A locked room mystery that morphs into a sci-fi novel.  To say more would be to give away the twists and turns.  I couldn’t turn the pages fast enough as Renner poured on twist after twist, each of them compelling.  One of the few books I read this year that I wanted to re-read as soon as I was done with it.

2.  Gone Girl by Gillian Flynn
Another book that grabbed me and wouldn’t let go.  If you’ve read it, you know why.  If you haven’t and you’re wondering if it lives up to the hype–yes, it does.  I read it as the wave of adoration was beginning to build and that may have helped me love it that much more.

3.  The Fault In Our Stars by John Greene
If you’re dismissing this one because it’s a young adult novel, you’re missing out.   A prime example of why books should not be judged by where they’re shelved in the store or library.

4.  What’s the Least I Can Believe And Still Be a Christian
Ten things that Christians shouldn’t believe and ten bedrocks we should, all Biblically based.  Read it if you haven’t already.

5.  Age of Miracles by Karen Walker Thompson
An end of the world book, but it’s so much more.  I’ve read a lot books about the apocalypse and this is one of the best.  It’s different.  Try it, you’ll like it.

6.  Redshirts by John Scalzi
I was so looking forward to this one, I wasn’t sure it could live up to my expectations. It exceeded them.  Read it. You will love it.

7.  A Study in Scarlet and The Sign of the Four by Sir Arthur Conan Doyle
Audio versions read by Derek Jacobi.  Reminded me why I love the Holmes stories.

8.  The Science Fiction Hall of Fame, Volume I edited by Robert Silverberg
A great collection of classic genre stories.  If you want to see why the genre is so good and get a good sample of some of the great authors and their stories, this is the only collection you need.

9. Call the Shots by Don Calame
A couple of years ago, Swim the Fly had me in stitches.  This year, I caught up on the next two installments.  Of the two, Call the Shots was the best, reminded of me what I loved about the original.   If you’re looking for a book to get teenage guys to read, this is worth it. Think American Pie, only toned down to PG-13.  But be warned–these are told by guys who think and talk like typical teenage guys.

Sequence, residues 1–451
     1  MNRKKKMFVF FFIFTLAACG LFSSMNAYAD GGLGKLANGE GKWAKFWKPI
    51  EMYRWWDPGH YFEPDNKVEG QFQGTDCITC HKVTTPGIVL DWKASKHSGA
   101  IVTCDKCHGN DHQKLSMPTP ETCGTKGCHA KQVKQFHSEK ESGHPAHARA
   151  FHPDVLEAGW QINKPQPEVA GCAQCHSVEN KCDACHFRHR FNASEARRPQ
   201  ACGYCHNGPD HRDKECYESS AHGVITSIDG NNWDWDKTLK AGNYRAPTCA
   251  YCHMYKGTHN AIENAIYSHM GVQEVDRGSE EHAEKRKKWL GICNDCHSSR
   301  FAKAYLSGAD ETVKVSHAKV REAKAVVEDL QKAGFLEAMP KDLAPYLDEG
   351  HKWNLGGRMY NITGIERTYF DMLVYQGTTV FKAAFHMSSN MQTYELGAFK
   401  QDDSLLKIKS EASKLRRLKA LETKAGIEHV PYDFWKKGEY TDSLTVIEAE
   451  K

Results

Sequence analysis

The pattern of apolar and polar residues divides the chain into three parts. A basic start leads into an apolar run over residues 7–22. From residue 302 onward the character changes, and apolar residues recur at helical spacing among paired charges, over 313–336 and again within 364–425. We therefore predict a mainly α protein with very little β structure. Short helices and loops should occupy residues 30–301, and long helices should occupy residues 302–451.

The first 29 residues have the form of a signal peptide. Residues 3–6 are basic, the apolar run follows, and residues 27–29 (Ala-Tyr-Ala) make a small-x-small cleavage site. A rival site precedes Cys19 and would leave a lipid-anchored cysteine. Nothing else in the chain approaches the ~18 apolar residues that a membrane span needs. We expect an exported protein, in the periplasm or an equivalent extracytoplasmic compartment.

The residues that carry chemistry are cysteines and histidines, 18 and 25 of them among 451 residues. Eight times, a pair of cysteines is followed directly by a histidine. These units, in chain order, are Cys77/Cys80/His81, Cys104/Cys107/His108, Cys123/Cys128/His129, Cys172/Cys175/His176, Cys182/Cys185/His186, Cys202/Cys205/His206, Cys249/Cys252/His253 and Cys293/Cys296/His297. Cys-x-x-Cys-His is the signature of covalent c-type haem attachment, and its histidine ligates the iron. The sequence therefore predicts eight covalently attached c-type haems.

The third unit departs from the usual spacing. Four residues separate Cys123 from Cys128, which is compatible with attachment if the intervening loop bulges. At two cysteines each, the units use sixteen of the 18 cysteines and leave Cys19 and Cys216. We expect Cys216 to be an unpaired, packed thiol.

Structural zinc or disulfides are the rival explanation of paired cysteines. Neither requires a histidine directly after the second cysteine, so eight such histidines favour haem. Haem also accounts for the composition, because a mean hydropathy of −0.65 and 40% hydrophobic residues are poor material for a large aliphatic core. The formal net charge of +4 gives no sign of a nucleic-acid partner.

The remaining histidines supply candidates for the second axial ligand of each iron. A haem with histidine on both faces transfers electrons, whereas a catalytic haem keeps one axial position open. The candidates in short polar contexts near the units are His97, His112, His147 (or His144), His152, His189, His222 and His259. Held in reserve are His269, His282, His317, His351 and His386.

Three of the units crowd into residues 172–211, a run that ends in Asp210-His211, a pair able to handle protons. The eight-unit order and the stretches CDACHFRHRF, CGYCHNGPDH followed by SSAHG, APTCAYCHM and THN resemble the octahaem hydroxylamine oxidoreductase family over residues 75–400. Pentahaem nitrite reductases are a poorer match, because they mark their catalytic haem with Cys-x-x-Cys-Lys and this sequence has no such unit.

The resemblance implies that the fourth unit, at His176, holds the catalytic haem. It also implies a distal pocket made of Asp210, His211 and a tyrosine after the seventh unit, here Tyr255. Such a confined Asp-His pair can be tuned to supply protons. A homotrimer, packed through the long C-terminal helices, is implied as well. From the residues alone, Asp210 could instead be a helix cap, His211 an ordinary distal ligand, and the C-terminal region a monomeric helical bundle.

10.   Tough Sh*t: Life Advice from a Fat, Lazy Slob Who Did Good by Kevin Smith
If you’ve listened to his podcasts or commentaries, odds are you’ve heard many of the stories Smith relates about his life and career here.  It doesn’t matter.  Smith’s natural storytelling ability shines here and he may even insprire you a bit.  I listened to the audio version of this one and loved it.

My Least Favorites:
Batman: A Death in the Family  — The worst of 90’s comic storytelling.
The Night Circus by Erin Morgenstern.  I think this one was overhyped.  It had potential, but I never could quite connect with it.  Felt overwritten in some places.
The Secret Soldier by Alex Berenson.   Not nearly as great the cover blurb made it out to be.  I plowed through it but guessed most of the twists long before our hero did.

And if you’re curious, I’ve got the full list of what I read last year below.   It’s a long list, broken down into categories.

Now, onward to 2013 and let’s see what’s out there….